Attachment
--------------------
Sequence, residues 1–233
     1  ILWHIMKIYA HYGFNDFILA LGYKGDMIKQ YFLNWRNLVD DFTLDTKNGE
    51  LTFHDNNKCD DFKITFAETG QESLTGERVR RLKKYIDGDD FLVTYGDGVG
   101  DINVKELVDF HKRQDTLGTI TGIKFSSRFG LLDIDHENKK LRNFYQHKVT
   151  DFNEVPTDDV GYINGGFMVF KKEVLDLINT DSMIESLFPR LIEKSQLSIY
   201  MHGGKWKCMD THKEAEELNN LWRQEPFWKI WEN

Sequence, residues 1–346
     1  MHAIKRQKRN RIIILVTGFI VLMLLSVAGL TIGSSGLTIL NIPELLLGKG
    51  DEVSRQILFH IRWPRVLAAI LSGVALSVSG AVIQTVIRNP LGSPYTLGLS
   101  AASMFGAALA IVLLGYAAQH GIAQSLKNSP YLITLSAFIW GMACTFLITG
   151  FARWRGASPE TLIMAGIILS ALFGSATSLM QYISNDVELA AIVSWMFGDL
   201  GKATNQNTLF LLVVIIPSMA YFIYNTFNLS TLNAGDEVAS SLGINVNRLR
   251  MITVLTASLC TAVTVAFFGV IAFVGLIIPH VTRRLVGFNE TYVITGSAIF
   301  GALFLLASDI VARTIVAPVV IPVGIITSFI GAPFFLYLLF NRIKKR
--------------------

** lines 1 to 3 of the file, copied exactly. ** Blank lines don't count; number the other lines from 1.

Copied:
Sequence, residues 1–233
     1  ILWHIMKIYA HYGFNDFILA LGYKGDMIKQ YFLNWRNLVD DFTLDTKNGE
    51  LTFHDNNKCD DFKITFAETG QESLTGERVR RLKKYIDGDD FLVTYGDGVG